Bird News from Nial Moores
A productive day in the field at the Nakdong Estuary, Junam Reservoir and Hwapo Cheon that started overcast with a raw northwesterly wind, clearing by midday. In spite of the Beaufort 3-4 wind, still mild with a minimum of 3C rising to a high of 7 or 8C, and no ice cover.
At the Nakdong Estuary, highlights included probably three Steller’s Sea Eagle (one full adult; one near-adult; and one Third or Fourth Calendar-year), probably five Relict Gull (all First-winters), and 2,200 roosting Taiga Bean Geese.
At Junam, shallows and mud-flats in the main reservoir by late afternoon supported 210 White-naped Crane, a dozen Eurasian Spoonbill, probably 300 Taiga Bean and two Swan Goose, while trees held 400+ roosting Great Cormorant (apparently of subspecies sinensis: more on the cormorant puzzle likely to follow in a separate post).
Eurasian Spoonbill Platalea leucorodia © Nial Moores
Great Cormorant Phalacrocorax carbo sinensis © Nial Moores
Great Cormorant roost-trees at Junam © Nial Moores
Adjacent fields and orchards held few geese (many perhaps have already moved north in response to the mild conditions and lack of snow cover?) but instead a loose flock of c. 100 Dusky Thrush (often an early spring migrant in the ROK) that also contained half-a-dozen Naumann’s and one Pale Thrush, and a separate flock of 300-400 White-cheeked Starlings with probably a dozen Common Starlings mixed-in.
Junam produced two further non-birding surprises, one pleasant, the other far less so. The first was unexpectedly meeting up with two birders from Gwangju (including the soon-departing Mr Pat Blake: departing from Korea that is!); the other was coming across a banner hanging near to the pumping station, essentially telling local environmentalists to stop using bird conservation as a way of manipulating local people, and to stay away.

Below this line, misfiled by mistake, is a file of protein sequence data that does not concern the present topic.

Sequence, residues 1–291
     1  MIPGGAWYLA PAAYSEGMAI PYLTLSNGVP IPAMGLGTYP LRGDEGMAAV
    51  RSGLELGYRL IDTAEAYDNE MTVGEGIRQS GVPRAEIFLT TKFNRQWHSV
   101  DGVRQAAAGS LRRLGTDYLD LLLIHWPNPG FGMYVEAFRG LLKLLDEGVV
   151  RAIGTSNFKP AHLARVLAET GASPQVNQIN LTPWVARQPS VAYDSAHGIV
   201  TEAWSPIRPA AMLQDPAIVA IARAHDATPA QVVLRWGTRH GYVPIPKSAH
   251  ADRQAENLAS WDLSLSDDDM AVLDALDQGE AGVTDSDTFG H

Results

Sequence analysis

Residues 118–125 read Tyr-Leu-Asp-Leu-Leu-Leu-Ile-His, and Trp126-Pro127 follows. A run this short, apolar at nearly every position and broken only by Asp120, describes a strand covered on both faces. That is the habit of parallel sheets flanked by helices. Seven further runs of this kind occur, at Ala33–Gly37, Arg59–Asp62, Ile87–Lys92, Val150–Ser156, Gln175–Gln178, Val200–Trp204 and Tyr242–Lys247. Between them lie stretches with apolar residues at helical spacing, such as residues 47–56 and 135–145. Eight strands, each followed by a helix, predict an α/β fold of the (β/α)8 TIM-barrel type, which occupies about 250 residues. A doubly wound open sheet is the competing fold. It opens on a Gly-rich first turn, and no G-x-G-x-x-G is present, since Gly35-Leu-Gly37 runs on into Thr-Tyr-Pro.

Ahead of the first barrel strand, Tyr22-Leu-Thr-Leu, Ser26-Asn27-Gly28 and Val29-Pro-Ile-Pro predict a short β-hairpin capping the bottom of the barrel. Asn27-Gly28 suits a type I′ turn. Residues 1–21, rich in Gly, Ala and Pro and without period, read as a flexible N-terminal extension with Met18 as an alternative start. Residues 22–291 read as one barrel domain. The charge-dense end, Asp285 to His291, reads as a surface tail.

As is widely known, Junam has only become a well-known tourist attraction, this jewel in Changwon City’s crown, thanks to the extremely hard work of many of the very same activists who for years surveyed the birds there, led education programs and developed approaches to try to increase benefits (through conservation) for local people. The crane-rich shallows only remain because of one activist who conducted a hunger-strike just to stop the reservoir from being dredged; the agricultural products on sale there are made far more valuable because of the wetland’s positive image and tourist trade. As any visitor can see, many people have benefitted from the wetland’s elevated status, even while habitats there continue to be degraded and activists receive ever-less support. Why is there no banner of thanks for this work?
The last stop of the day was the “meadows” at Hwapo Cheon. The fields here were all but empty – with just a dozen Taiga Beans remaining (quite a contrast to the bird-fest experienced only a week before by JK).
Taiga Bean Goose Anser fabalis middendorffii © Nial Moores